5. Draw a nurse cap, colour it with Soft Cyan.
    1. Add a Dark Cyan cross to the hat.

You're done!

Color Name HEX RGB
Light Cyan #71CACC 113, 202, 204
Black #141414 20, 20, 20
White #FFFFFF 255, 255, 255
Soft Cyan #8BDFDC 139, 223, 220
Dark Cyan #308FA6 48, 143, 166


Demobureaucracy

  1. Draw a ball with eyes.
  2. Separate the ball into 3 roughly equal sized sections;
    1. White, on the left, in a triangle-like shape,
    2. Half Light and half Dark Cyan, at the bottom right,
    3. Black, top right.
  3. In the middle draw a circle with Dark Cyan.
  4. Around the circle draw 12 smaller circles, all with a colour from the previous section, in a clock-wise manner; i.e 4 Black circles in the Half-Light-Half-Dark Cyan section, 2 Light Cyan and 2 Dark Cyan ones in the White section, etc.
  5. Draw the glasses.

You're done!

Color Name HEX RGB
Light Cyan #71CACC 113, 202, 204
Black #141414 20, 20, 20
White #FFFFFF 255, 255, 255
Dark Cyan #308FA6 48, 143, 166


Relationships

Voters

Frenemies

  • Illiberal Democracy - My inauthentic and more authoritarian child. Do you seriously think suppressing political opponents makes for a genuine democracy?
    • The people voted to suppress them. I do what the majority wants.
  • Ochlocracy - Aren't you just a direct version of illibdem?
  • Demarchy - While you do represent the will of the people, are you sure what you're doing is good?
  • Progressivism - We both support human rights. But some of you hate democratic countries like Israel and support authoritarian regimes like North Vietnam. As much as I dislike him for supporting and setting up authoritarian regimes, I actually dislike him less than you dislike him, because he also sets up democracies. Also, some of your variants are authoritarian.
  • Pacifism - Democratic Countries are more pacifist to other Democratic Countries than Authoritarian Countries to any other Country (Democratic or Authoritarian). But violence is justified when it is to defend a Democratic Country from being attacked by an Authoritarian Regime or to overthrow an Authoritarian Regime to replace it with a Democracy. I even supported him during the Iraq and Afghan wars.
  • Particracy - It's not like I hate the concept of political parties, but in many places, you wound up causing a lot of harm to the democratic process. Also, your authoritarian variants are obviously pretty cringe.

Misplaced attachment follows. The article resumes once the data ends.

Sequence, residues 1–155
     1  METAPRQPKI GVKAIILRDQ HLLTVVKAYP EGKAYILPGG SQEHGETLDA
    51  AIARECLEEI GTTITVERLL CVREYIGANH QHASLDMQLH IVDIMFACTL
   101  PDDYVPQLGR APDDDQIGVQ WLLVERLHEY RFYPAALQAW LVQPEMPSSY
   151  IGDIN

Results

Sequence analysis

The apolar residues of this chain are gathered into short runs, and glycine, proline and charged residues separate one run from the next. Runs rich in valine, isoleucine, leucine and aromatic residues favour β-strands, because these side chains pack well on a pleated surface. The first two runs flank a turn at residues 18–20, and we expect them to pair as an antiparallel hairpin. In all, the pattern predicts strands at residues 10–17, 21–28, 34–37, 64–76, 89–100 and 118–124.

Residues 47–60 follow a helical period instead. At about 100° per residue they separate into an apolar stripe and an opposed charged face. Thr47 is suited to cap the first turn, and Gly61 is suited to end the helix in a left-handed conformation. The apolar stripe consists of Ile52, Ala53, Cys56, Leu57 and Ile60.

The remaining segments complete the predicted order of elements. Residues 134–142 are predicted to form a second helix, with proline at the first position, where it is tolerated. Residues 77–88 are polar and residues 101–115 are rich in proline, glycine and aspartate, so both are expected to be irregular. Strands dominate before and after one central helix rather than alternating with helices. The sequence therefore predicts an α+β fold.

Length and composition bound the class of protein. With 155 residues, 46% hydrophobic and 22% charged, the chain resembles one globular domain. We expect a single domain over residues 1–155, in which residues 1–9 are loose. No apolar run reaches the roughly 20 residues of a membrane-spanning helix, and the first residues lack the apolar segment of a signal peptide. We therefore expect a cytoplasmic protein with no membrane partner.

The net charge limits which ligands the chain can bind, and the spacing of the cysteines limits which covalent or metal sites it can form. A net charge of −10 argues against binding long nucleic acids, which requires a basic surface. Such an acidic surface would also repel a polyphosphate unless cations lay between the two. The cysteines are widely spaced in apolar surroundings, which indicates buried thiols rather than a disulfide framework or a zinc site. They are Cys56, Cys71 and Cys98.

• Neoconservatism - In the Cold War you were a hypocrite for calling out the USSR for backing up foreign dictatorships and overthrowing democracies to replace them with authoritarian regimes when you did the same thing (like overthrowing Chile's Democracy and replacing it with him). I especially hate Kissinger. I'm glad that you no longer overthrow democracies and replace them with authoritarian regimes, but you still back up foreign dictatorships (although not as much as you used to). I do like that the USA is democratic, and you also overthrow authoritarian regimes and replace them with democracies like Japan.
  • Mandelaism - Thank you for ending Apartheid in South Africa. I do get that Israel and the United States supported your former racist self, but you are no better than them by being friends with dictators like these three.
  • Mediocracy - Thanks, I hate the fact he is technically right and that I always feel self-hatred when I see him...
  • Anarchism - Her entire family is against my "representative" variant, but most of her children are favorable towards my "direct" variant.
  • Tridemism - My Georgist and nationalist counterpart... who overthrew the Qing Dynasty to make China democratic, but Chang-Kai Shek and Chang Ching-kuo are cringe dictators.
  • Kemalism - Similar to the above, but Turkish.